• R. S. Zemel, Y. Wu, K. Swersky, T. Pitassi, C. Dwork, “Learning fair representations,” in Proceedings of the 30th International Conference on Machine Learning, JMLR: W&CP, vol. 28., 2013, pp. 325–333.
  • Editor, Adwords cost per click rises 26% between 2012 and 2014, Adgooroo, DATE?
  • L. Olejnik, T. Minh-Dung, C. Castelluccia, “Selling off privacy at auction,” in Proceedings of the Network and Distributed System Security Symposium (NDSS). The Internet Society, 2013.
  • C. J. Clopper, E. S. Pearson, “The use of confidence or fiducial limits illustrated in the case of the binomial,” In Biometrika, vol. 26, no. 4, pp. 404–413, 1934.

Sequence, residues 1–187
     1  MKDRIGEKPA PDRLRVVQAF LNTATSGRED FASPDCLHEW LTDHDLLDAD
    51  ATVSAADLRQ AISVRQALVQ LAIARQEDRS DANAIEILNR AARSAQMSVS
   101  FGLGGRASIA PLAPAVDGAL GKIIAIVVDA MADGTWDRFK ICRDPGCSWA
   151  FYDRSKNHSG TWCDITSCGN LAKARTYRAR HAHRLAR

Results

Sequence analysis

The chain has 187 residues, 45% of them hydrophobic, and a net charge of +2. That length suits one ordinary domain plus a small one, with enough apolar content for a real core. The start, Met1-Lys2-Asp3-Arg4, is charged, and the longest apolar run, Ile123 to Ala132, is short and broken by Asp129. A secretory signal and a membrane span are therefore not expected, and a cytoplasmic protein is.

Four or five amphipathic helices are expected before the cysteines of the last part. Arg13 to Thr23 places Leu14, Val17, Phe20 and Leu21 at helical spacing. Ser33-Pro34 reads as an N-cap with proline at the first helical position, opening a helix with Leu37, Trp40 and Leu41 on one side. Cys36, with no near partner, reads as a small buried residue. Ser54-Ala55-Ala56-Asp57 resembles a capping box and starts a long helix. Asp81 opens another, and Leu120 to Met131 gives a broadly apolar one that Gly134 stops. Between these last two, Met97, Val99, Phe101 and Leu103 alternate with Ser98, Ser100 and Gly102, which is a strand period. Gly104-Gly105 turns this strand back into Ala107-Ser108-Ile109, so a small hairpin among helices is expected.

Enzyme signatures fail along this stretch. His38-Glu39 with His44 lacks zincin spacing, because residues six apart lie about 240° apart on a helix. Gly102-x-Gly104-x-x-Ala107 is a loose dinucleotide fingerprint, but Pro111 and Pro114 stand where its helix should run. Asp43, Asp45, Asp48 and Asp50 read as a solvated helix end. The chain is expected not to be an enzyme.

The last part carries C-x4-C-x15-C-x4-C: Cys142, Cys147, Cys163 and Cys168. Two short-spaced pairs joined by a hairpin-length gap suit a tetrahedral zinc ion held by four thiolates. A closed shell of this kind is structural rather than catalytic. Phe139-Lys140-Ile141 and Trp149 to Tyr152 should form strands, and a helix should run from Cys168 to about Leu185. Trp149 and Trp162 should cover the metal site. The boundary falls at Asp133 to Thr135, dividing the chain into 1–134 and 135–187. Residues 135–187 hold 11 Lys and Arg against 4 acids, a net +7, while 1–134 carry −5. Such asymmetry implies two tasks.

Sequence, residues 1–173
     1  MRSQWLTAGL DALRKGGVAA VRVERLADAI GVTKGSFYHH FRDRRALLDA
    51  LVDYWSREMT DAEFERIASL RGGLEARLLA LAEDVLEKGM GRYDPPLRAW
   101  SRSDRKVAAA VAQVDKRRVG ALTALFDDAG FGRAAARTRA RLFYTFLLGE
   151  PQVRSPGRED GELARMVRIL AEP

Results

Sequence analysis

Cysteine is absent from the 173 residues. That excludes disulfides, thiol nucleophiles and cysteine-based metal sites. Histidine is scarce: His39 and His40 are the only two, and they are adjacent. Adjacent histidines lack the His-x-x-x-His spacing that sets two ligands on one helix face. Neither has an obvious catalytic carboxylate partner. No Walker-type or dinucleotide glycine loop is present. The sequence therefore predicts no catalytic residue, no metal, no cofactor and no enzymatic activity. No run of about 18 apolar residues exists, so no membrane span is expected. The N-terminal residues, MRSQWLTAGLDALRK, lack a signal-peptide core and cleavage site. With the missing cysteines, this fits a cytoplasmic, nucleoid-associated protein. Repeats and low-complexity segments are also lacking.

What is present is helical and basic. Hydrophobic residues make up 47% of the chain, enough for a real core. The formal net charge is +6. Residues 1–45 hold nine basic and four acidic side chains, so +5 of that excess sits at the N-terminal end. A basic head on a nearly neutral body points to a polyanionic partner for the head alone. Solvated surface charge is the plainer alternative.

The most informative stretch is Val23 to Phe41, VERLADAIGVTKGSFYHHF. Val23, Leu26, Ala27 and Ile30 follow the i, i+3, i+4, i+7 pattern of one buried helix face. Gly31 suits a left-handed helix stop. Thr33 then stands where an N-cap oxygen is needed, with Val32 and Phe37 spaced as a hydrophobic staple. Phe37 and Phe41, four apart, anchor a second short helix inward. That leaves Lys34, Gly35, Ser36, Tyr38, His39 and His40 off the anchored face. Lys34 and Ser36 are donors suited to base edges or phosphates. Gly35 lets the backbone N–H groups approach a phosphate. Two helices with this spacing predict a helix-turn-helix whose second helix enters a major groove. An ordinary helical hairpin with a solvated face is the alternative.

Via: backfill.

Do Not Track (Documentary), Episodes 1-7

Do Not Track

Episodes contains links to the episodes & popularization pieces on other venues

  • S01E01 : Morning rituals, 2015-04-14.
  • S01E02 : Breaking Ad, 2015-04-14.
  • S01E03 : Like Mining (in German, with English subtitles), 2015-04-26.
  • S01E04 : The spy in my pocket, 2015-05-12.
  • S01E05 : Big Data Inside the Algorithm, 2015-05-26.
  • S01E06 : The Daily Me, 2015-06-09.
  • S01E07 : To change the future, click here, 2015-06-15.

tl;dr → facile, shrill, handwringy.  Very media-arts-y. Ominous music to set the mood. No new information. Very, very slow-paced.


  • Depicts that Yahoo only has two trackers on it
    • Yahoo
    • comScore
  • DoubleClick
    Something about a legal precedent in the early oughties that established that tracking was not wiretapping; it was (something about) being with your friends.  No citation.  Julia Angwin voices the statement.